Despite Additions, Cardinals Remain in Bottom Half of Roster Rankings

Mason Kern

With the feverish period of free agency and the NFL Draft in the rearview mirror, and with rosters predominantly set, team evaluations are running rampant across the NFL.

With so much turnover, there is lots of speculation put toward how new pieces will fit with their respective teams. This is especially the case considering traditional in-person offseason programs never happened as a result of the COVID-19 pandemic that still leaves the odds of team's actually playing a season in 2020 virtually unknown.

There has been lots of hype surrounding the Arizona Cardinals. Not only does last season's Offensive Rookie of the Year quarterback Kyler Murray return for Year 2, but several other key positions were supplemented this offseason.

Arguably the biggest splash of the entire period was made by the Cardinals in mid-March, when the franchise traded aging running back David Johnson (and his enormous contractual obligation) to the Houston Texans in exchange for one of the most dynamic receivers in the league, DeAndre Hopkins. Many felt that was lopsided in favor of the Cards, especially when considering they did not even have to give up a first-round draft pick in the process.

That pick, at No. 8 overall, turned into Clemson do-it-all linebacker Isaiah Simmons, who many felt the Cardinals got as a steal at his draft slot. In essence, all of the Cardinals draft choices were projected to go higher, so fans were pleased (for the first time in a long time) with how general manager Steve Keim operated the war room.

In free agency, the Cardinals supplemented one of the weakest position groups on the roster with the acquisition of former Buffalo Bills defensive tackle Jordan Phillips, who is poised to play a major role under defensive coordinator Vance Joseph and his 3-4 scheme. Plus, Arizona used both of its fourth-round draft picks on defensive linemen in Leki Fotu out of Utah and Rashard Lawrence from LSU. Both will likely factor into the rotation this season.

Throw in the addition of linebackers Devon Kennard (Detroit Lions) and De'Vondre Campbell (Atlanta Falcons) and the Cardinals' front seven looks vastly improved on paper.

Despite struggling to defend the passing game last season, the Cardinals left their secondary alone. With a "happy" cornerback Patrick Peterson and the emergence of young talents like cornerback Byron Murphy and safety Budda Baker, it will be interesting to see if the unit improves in its second season under head coach Kliff Kingsbury and Joseph.

The retention of offensive continuity along the offensive line — having only not re-signed center A.Q. Shipley, replacing him with an experienced Mason Cole, who started all 16 games in his rookie year — as well as signing breakout running back Kenyan Drake to his one-year transition tag, all sets the stage for an improved season from the five-win campaign last year.

Yet, according to Pro Football Focus — which ranked all 32 NFL rosters using the PFF database with an eye toward the projected starters, they were not impressed. Using both the PFF grades from the 2019 season, a number that is included for every projected starter, and a more comprehensive look at each player's career using both PFF grades and statistics — the Cardinals' roster still ranks in the bottom half of the league.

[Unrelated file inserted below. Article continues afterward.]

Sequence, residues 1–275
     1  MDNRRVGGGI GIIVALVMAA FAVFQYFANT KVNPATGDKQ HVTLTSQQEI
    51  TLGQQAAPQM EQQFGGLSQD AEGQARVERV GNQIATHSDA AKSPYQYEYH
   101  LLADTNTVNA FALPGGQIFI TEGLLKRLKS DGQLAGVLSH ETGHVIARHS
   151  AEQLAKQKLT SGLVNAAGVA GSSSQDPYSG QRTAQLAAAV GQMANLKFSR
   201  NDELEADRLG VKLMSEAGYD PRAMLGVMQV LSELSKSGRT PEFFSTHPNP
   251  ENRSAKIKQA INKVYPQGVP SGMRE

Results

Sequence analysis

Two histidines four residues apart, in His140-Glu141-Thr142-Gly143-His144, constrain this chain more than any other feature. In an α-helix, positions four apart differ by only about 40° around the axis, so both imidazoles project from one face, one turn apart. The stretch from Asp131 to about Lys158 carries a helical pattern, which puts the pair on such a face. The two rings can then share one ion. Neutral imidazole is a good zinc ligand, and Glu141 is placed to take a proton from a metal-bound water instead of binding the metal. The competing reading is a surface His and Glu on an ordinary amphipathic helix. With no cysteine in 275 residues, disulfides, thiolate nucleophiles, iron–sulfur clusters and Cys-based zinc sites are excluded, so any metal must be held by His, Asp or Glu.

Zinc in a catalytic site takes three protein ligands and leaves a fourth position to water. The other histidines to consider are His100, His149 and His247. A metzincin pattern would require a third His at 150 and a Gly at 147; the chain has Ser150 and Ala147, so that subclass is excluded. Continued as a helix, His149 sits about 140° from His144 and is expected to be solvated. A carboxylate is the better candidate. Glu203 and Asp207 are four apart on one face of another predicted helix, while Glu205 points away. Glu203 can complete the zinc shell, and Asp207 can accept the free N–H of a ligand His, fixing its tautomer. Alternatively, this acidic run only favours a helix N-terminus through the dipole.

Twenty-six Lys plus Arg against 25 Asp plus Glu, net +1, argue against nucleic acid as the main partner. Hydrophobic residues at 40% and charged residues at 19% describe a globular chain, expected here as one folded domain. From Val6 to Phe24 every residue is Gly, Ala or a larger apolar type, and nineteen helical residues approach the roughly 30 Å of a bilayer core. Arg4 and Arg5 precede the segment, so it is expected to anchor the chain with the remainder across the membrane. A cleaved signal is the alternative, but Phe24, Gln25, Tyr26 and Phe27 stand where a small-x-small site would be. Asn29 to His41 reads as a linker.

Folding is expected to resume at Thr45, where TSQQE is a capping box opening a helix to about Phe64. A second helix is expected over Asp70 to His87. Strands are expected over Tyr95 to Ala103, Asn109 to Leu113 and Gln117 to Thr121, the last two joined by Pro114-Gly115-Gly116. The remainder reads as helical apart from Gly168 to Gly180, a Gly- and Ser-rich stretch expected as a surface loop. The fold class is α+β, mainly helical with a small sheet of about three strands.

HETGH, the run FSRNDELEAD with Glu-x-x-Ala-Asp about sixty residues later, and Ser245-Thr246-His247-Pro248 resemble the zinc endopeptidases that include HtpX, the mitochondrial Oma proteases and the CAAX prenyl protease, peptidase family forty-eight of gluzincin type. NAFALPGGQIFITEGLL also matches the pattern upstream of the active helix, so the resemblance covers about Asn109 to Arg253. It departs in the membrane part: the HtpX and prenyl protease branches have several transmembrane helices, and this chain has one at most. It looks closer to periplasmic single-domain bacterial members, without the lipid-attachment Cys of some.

Arizona was listed at No. 24 out of 32 NFL franchises. Here is why:

Biggest strength: It's hard to overstate how huge the addition of DeAndre Hopkins is to this offseason. With Larry Fitzgerald living primarily as a possession and slot receiver at this stage of his career, quarterback Kyler Murray needed a true primary threat in the passing game — and Hopkins is one of the best in the business. By PFF's WAR metric, Hopkins was one of the five most-valuable non-quarterbacks in the NFL last season, and he has some of the best hands in the league. Murray and Hopkins should waste no time building a dangerous connection.

Biggest weakness: The pass-rushing options on this team outside of Chandler Jones leave a lot to be desired. Jones' 90.5 pass-rushing grade since joining the Cardinals in 2016 ranks 10th among all edge defenders, but Devon Kennard — the projected edge defender on the other side — hasn't earned a pass-rushing grade above 60.0 since 2014. Jordan Phillips (despite what the sack numbers last season might suggest), Corey Peters and Zach Allen can't be relied on for much pass-rushing push, either.

X factor for 2020: What position does rookie first-round pick Isaiah Simmons play? That was the question that dominated the pre-draft process. The truth is, he's so versatile and so multi-talented that it's not hard to overthink things. Last season at Clemson, Simmons earned grades in run defense, pass rushing, coverage and tackling above 80.0 while playing a wide range of positions on defense. Whether it's at linebacker, safety, the slot, edge or, ideally, a combination of each, Simmons should make Arizona's defense better.

Answering PFF's X factor question, Simmons will start out playing linebacker, according to both Kingsbury and Joseph. They do not want to overwhelm him and stunt his growth too early.

As for the rest, several Cardinals players and coaching staff members have stated that the "sky is the limit" for this franchise, but they have to go prove it. The cautious optimism building within the organizational walls means nothing if the roster improvements on paper do not translate on the field.

Here is PFF's projected first-team offense and defense with each player's grade underneath.

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